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  • Business
    MarketWatch

    Stock-market expert sees a ‘monstrous’ rally taking hold next week, if one recent trend holds

    The best start to an August for the stock market in years might get even better, as soon as next week, if the forecast from Thomas Lee, founder of Fundstrat Global Advisors, is to be believed.

  • Buffett Bought Back His Own Stock While Selling Others
    Business
    Bloomberg

    Buffett Bought Back His Own Stock While Selling Others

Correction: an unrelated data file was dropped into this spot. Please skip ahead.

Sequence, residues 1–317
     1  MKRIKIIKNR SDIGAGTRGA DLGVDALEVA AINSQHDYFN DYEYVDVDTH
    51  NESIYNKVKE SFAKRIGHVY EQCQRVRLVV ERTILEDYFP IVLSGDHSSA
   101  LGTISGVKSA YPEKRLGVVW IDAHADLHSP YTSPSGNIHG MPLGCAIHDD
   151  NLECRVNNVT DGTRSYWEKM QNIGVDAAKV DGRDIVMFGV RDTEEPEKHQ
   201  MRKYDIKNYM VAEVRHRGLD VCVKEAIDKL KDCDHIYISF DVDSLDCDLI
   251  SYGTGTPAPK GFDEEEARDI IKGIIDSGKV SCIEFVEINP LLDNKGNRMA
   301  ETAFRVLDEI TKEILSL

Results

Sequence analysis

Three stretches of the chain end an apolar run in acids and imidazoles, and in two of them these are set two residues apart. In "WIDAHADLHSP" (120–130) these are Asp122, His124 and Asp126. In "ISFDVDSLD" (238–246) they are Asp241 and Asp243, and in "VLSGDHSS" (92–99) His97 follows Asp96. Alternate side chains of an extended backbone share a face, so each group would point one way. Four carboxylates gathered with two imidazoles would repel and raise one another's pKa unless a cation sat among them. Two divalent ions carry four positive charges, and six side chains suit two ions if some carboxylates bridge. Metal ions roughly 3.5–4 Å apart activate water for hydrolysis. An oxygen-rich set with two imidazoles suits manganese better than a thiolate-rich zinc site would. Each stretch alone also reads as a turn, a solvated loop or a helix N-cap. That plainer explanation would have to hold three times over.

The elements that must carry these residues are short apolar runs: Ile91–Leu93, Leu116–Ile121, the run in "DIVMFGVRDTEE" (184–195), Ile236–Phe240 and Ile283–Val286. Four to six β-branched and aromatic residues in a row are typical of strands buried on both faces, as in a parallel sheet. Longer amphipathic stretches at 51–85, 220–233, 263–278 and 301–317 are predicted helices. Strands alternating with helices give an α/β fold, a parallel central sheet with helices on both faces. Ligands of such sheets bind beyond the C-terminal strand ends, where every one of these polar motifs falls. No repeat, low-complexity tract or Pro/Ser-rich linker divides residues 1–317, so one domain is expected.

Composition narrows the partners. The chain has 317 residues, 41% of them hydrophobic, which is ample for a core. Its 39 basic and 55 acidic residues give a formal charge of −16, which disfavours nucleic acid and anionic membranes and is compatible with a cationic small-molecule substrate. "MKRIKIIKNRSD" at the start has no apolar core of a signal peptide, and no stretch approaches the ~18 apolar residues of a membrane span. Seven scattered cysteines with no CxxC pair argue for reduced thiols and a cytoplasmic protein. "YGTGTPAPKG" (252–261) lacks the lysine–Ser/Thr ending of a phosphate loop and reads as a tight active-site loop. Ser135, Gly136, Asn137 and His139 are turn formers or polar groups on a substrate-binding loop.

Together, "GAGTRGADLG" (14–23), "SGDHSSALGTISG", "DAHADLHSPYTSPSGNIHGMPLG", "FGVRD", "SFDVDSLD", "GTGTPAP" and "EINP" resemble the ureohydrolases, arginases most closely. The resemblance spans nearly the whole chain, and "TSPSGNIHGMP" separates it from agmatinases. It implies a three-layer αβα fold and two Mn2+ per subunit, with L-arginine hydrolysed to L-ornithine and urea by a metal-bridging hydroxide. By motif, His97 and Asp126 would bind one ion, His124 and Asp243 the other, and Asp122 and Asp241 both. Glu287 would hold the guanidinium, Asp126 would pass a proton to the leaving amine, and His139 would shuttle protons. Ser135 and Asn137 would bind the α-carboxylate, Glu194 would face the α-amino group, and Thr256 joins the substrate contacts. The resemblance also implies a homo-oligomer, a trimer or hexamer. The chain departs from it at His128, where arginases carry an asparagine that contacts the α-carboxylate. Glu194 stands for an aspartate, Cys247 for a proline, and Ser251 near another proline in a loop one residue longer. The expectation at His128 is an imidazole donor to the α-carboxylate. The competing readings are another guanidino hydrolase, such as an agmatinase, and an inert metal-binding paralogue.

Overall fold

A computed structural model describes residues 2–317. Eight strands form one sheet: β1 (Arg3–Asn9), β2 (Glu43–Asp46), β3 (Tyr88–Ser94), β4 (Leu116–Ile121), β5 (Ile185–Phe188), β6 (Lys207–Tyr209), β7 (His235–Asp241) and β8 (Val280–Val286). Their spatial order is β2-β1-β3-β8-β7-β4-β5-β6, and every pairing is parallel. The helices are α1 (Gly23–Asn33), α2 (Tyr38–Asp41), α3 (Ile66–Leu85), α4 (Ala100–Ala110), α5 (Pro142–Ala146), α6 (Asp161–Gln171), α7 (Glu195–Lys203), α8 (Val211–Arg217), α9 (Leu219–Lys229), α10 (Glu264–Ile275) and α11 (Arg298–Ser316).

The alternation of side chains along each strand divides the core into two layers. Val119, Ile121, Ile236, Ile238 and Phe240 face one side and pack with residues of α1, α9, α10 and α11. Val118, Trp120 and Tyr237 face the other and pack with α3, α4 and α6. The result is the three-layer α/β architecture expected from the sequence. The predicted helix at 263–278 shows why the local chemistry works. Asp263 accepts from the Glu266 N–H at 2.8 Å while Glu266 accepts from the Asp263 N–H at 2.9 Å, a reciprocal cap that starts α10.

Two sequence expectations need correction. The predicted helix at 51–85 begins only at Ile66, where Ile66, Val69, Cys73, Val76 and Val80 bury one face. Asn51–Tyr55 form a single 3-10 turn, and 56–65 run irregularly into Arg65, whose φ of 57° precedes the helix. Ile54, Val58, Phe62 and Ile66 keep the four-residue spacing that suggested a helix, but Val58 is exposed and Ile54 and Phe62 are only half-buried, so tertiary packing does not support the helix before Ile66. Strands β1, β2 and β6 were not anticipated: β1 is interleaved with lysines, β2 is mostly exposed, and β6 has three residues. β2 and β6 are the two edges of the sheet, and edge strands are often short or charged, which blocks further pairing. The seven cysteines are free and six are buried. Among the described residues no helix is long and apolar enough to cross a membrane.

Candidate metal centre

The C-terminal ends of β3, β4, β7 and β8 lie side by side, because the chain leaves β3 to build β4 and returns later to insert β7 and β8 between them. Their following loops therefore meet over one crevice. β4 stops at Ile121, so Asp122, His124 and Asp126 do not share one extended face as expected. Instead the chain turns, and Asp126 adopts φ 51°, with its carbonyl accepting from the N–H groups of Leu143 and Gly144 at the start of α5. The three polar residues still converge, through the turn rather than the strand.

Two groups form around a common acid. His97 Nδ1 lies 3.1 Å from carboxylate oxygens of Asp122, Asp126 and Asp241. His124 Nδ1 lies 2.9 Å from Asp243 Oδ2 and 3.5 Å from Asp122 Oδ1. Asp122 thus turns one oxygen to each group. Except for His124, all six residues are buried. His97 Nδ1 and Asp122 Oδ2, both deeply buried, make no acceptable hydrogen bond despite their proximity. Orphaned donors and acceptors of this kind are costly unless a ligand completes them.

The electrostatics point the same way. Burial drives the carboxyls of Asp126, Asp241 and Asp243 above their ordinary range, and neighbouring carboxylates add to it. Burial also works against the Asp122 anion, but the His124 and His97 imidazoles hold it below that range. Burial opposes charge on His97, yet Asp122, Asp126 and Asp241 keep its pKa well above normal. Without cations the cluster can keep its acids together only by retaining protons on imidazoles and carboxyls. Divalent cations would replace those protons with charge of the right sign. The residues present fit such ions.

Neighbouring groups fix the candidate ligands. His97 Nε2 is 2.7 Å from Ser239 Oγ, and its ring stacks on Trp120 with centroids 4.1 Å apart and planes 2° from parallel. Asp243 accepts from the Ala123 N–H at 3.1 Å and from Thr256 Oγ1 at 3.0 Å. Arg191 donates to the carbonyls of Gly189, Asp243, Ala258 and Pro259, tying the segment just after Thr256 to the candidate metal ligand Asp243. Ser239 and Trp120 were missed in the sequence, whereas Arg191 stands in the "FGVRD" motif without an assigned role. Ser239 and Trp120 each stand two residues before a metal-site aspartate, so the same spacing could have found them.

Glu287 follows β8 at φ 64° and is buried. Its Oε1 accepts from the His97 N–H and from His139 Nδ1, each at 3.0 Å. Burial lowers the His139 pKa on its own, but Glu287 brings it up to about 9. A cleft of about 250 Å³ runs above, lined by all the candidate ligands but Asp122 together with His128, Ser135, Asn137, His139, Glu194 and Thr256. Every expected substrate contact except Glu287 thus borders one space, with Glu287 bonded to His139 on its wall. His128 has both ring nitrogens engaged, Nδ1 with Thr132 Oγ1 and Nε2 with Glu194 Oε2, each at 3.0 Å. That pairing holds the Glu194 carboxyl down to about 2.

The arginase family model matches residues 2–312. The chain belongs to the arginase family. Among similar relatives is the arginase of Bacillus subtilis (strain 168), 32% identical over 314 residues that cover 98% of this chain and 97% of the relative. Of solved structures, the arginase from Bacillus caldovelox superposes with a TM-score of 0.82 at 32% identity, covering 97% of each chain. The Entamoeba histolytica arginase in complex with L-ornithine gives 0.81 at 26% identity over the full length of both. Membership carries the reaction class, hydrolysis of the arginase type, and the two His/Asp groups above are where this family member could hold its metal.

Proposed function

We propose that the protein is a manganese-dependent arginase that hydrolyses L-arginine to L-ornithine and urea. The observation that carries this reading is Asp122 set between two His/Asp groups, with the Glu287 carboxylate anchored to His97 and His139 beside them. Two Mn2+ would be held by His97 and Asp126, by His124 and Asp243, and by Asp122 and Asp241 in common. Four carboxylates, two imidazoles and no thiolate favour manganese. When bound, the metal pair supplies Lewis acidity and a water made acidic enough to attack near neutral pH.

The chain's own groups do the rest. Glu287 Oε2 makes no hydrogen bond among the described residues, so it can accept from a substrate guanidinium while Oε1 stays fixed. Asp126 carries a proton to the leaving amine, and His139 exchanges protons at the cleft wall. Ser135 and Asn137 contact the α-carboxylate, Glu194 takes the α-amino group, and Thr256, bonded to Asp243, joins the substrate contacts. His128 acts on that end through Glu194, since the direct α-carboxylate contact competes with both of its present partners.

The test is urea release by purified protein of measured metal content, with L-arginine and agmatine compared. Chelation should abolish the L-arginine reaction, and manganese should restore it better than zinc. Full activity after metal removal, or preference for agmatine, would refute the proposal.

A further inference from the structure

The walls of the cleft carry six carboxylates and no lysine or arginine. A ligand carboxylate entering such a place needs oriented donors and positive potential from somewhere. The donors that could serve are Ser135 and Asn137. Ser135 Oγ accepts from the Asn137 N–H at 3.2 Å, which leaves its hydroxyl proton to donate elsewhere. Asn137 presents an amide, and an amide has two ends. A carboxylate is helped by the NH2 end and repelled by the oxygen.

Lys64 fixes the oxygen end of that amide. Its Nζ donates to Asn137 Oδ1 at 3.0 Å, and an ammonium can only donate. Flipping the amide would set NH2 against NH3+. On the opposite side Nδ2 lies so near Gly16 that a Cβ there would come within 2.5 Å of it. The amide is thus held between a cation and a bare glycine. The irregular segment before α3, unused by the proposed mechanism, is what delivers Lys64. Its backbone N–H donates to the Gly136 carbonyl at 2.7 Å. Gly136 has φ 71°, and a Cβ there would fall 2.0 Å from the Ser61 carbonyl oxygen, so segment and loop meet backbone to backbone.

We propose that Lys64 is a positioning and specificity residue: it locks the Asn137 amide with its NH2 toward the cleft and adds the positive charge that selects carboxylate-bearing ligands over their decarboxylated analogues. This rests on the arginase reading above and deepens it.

(Bloomberg) -- Shares of Berkshire Hathaway Inc. were left out of the stock market rally in the second quarter. Warren Buffett clearly thought the disconnect wasn’t warranted.The famed investor spent a record $5.1 billion buying back Berkshire’s own stock in the second quarter, more than double the amount he’d ever purchased before. That came as he unloaded almost $13 billion of other companies’ shares, including airline stocks and some financials, in what was his biggest selling quarter in more than a decade.Buffett has been building up cash this year and took a more cautious tone at his annual meeting in May as the Covid-19 pandemic has slammed the economy without putting a permanent dent in stock-market valuations. But his appetite for his own stock in the second quarter, along with recent signs that he’s been willing to put more money to work, are reasons for some optimism, according to Jim Shanahan, an analyst at Edward Jones.“The buybacks are a relatively safe way to deploy capital in an uncertain environment,” said Shanahan, who estimated that Berkshire repurchased another $2.4 billion of shares in July. “But it’s clear that that’s not all he’s doing.”Buffett’s cash pile surged to a record $146.6 billion at the end of June, in part from dumping all of his airline shares in April. He’s been more active lately, striking a deal for natural-gas assets in July and snapping up at least $2 billion of Bank of America Corp. stock in recent weeks through Aug. 4. Overall, Saturday’s disclosures signaled to longtime shareholder Bill Smead that Berkshire is a bit more certain about its standing in this volatile environment.“He sees that the company itself can get through the worst body blow,” said Smead, the chief investment officer at Smead Capital Management, which oversees $1.5 billion including Berkshire shares. And his buybacks signal that “it got obvious to him how out of favor his own stock is in relation to other investments you could make in other companies.”Berkshire’s Class A shares, which fell in line with the S&P 500 in the first three months of the year as the pandemic spread in the U.S., fell another 1.7% last quarter while the broader index rallied 20%. Buffett said in early May that repurchases weren’t more compelling than at previous times, but the buybacks in the quarter suggest his thinking shifted.The company’s stock has rallied in July and August, with Shanahan attributing that to investors being encouraged by Berkshire’s recent deals, but it’s still underperforming in 2020. Berkshire Class A shares were down 7.4% for the year through Friday’s close, compared with the 3.7% gain in the S&P 500.Berkshire’s operating profit slumped 10% in the second quarter to $5.5 billion. That was driven by a 42% drop in earnings from the conglomerate’s manufacturing, service and retailing businesses.The company also took $10 billion of impairment charges related to its Precision Castparts unit. Berkshire bought Precision Castparts in 2016 in a transaction valued at $37.2 billion, making it one of Buffett’s biggest deals. Now the maker of jet-engine blades and aircraft structural components is bracing for lean times as Boeing Co. and Airbus SE cut jetliner production and less air travel reduces the need for replacement parts.The impairment charge “reflects a very ample purchase price combined with some secular challenges,” Cathy Seifert, an analyst at CFRA Research, said in an interview. “The sense that I get from the magnitude of the writedown and the tone of some of the comments related to air travel, and the industry supporting air travel, is that there’s some demand destruction there that could be permanent or semi-permanent.”The challenges have forced the aerospace-parts maker to undergo “aggressive restructuring,” with the company cutting its workforce by about 10,000 employees during the first half of 2020.“We believe the effects of the pandemic on commercial airlines and aircraft manufacturers continues to be particularly severe,” Berkshire said in a regulatory filing Saturday. “In our judgment, the timing and extent of the recovery in the commercial airline and aerospace industries may be dependent on the development and wide-scale distribution of medicines or vaccines that effectively treat the virus.”Other key takeaways from the results:Unrealized gains and losses in Berkshire’s massive stock portfolio count toward the bottom line. So the S&P 500’s rally in the second quarter pushed net income to $26.3 billion.Insurance underwriting profit more than doubled to $806 million in the period. That was helped by gains at auto insurer Geico as fewer accidents benefited the business. Berkshire warned that Geico might be hurt in the next three quarters by a program that’s giving drivers a credit on their premiums.Berkshire’s press release is here.(Updates with analyst and shareholder comments starting in third paragraph.)For more articles like this, please visit us at bloomberg.comSubscribe now to stay ahead with the most trusted business news source.©2020 Bloomberg L.P.